Vibrating Boundaries: Psychedelic Aesthetics in the Post-War Age, 1966-1970


Luce/ACLS Dissertation Fellowships in American Art


Art History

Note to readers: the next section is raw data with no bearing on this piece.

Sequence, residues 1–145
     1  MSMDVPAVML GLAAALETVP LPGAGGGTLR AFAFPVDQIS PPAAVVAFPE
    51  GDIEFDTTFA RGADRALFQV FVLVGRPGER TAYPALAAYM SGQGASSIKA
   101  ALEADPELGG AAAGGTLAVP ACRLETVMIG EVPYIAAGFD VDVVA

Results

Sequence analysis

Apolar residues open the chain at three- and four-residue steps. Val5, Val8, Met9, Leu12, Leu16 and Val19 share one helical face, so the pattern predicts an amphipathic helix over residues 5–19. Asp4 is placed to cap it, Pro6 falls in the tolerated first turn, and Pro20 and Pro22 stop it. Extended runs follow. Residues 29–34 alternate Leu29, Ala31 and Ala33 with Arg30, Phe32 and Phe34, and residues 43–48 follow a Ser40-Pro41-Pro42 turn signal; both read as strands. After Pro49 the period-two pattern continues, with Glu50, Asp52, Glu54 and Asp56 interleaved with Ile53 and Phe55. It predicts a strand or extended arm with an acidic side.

This dissertation examines the graphic representation of psychedelia in the United States during the 1960s. Arising from the counterculture scene of San Francisco, California, local artists utilized the medium of lithography to experiment with print’s somatic potential. This dissertation considers the ephemera of mid-century psychedelia alongside the built environment of the city and its history to identify the distinct and insular qualities of the Bay Area. Four thematic chapters—on experiment, experience, appropriation, and selling out— employ a phenomenological approach, applying multi-sensorial aesthetics to ephemera with the goal of expanding existing understanding of participatory artwork while recovering psychedelia’s foundation within the realm of protest art and revolution.